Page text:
Afghanistan’s top political rivals signalled a breakthrough in power-sharing talks on Friday, raising hopes for stable leadership amid a coronavirus outbreak and ahead of much-anticipated peace talks with Taliban insurgents.
Abdullah Abdullah, who disputed President Ashraf Ghani’s re-election in a fraud-tainted vote last September, said efforts to “resolve the political crisis have borne fruit”.
“We have made progress in negotiations and reached tentative agreement on a range of principles,” Dr Abdullah said in a statement on Friday.
“We hope to finalise the political agreement at the earliest so that we can pay undivided attention to tackling the Covid-19 pandemic, ensuring a just, dignified and lasting peace, and confronting the security and economic challenges in a spirit of national unity and solidarity.”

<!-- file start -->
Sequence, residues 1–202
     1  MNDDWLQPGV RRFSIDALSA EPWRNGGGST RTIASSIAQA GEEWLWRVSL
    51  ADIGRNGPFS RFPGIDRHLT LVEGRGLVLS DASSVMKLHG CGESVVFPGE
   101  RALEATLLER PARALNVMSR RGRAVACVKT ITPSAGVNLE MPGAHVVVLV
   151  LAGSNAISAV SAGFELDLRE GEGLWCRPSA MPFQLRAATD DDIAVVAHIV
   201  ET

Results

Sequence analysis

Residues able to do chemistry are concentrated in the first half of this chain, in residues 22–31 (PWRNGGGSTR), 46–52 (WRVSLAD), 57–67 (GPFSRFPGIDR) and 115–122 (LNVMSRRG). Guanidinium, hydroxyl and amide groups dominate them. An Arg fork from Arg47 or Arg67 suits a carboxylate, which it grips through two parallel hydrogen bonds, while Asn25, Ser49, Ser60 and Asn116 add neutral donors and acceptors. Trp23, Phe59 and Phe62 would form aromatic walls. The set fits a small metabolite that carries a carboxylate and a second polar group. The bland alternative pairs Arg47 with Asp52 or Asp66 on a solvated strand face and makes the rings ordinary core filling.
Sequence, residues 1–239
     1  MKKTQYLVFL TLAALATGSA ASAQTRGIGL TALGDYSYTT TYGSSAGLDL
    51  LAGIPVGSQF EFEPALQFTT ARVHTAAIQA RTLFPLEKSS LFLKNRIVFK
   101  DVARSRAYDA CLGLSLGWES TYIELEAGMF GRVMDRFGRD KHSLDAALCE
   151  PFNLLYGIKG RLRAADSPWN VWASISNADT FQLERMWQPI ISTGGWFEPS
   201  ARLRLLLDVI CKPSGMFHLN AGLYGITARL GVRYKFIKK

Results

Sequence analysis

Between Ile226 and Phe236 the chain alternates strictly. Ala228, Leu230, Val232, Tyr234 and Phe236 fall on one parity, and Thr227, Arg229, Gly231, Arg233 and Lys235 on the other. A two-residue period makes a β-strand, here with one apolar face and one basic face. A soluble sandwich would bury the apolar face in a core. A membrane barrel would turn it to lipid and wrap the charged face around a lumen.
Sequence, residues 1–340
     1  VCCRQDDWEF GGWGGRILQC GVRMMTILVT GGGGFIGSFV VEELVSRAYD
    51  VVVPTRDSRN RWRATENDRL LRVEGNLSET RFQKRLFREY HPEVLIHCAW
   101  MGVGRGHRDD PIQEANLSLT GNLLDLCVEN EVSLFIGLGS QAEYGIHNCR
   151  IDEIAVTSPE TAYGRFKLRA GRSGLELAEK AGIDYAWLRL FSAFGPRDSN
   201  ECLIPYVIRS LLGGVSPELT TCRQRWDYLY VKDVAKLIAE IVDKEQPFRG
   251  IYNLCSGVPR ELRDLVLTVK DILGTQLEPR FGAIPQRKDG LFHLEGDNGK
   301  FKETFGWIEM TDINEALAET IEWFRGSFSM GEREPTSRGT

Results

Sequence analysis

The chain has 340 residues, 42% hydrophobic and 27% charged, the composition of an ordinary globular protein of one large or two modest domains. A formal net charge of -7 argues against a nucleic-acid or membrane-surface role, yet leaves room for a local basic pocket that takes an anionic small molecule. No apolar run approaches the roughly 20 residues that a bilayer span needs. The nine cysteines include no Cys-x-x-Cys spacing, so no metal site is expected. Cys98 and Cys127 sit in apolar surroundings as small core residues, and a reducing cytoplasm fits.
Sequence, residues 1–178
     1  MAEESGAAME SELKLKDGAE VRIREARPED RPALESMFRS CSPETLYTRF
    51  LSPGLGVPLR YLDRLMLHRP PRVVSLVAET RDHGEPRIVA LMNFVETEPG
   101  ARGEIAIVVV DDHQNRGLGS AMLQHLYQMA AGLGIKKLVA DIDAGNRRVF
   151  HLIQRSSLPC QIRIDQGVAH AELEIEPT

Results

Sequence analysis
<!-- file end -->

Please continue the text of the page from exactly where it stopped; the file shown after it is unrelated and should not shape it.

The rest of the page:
Dr Abdullah had declared himself president and held a parallel inauguration ceremony after the election commission declared Mr Ghani re-elected in February. However, the two leaders have been involved in negotiations since then, with some pressure from the US administration.
A power-sharing framework purportedly proposed by Dr Abdullah, released by the Afghan investigative magazine Hastesubh, lists issues ranging from appointments in ministries and local governments to defining the roles of the leader and his allies.
The document proposes that Dr Abdullah hold the title of Executive Prime Minister for Peace, with the authority to lead meetings of Afghanistan’s High Peace Council meetings and in related matters.
A close aide to Dr Abdullah confirmed the document’s veracity to The National, and said that a deal was close to being finalised.
“The draft circulating in the media is not the latest, but one of the earlier drafts that was shared [by Dr Abdullah] with [US peace envoy Zalmay] Khalilzad before the two inaugurations,” he said.
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